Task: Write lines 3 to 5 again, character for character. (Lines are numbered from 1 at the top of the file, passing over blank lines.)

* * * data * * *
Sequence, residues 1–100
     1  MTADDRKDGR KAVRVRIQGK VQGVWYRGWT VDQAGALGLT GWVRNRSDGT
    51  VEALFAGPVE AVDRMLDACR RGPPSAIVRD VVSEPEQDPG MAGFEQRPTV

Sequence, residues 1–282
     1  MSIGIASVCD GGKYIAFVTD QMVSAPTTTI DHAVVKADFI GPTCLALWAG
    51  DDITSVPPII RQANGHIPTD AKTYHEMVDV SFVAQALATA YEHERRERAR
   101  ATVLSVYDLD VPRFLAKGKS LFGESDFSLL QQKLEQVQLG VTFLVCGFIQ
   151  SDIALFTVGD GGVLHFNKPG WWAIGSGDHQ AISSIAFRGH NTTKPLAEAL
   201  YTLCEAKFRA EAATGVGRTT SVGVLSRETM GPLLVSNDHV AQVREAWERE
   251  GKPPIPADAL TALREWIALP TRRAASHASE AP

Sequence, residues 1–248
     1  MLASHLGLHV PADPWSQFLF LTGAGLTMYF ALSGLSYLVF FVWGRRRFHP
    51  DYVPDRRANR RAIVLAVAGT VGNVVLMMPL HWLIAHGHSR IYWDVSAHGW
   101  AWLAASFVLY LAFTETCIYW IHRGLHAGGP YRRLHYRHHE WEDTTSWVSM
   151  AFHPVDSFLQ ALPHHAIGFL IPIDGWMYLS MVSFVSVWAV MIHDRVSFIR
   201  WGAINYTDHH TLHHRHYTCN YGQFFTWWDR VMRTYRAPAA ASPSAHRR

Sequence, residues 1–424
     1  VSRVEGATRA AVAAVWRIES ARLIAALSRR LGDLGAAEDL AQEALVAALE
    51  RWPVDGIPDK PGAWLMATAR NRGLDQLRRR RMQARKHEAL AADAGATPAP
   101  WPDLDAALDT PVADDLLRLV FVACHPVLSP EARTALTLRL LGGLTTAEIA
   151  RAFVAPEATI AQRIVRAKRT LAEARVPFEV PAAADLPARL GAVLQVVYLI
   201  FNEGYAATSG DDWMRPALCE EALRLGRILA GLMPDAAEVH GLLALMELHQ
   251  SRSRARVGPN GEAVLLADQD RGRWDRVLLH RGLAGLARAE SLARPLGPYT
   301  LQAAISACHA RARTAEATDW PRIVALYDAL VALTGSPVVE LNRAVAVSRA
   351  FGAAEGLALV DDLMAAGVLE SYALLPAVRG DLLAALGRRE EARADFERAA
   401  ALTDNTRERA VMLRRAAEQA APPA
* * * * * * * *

    51  VEALFAGPVE AVDRMLDACR RGPPSAIVRD VVSEPEQDPG MAGFEQRPTV

Sequence, residues 1–282
     1  MSIGIASVCD GGKYIAFVTD QMVSAPTTTI DHAVVKADFI GPTCLALWAG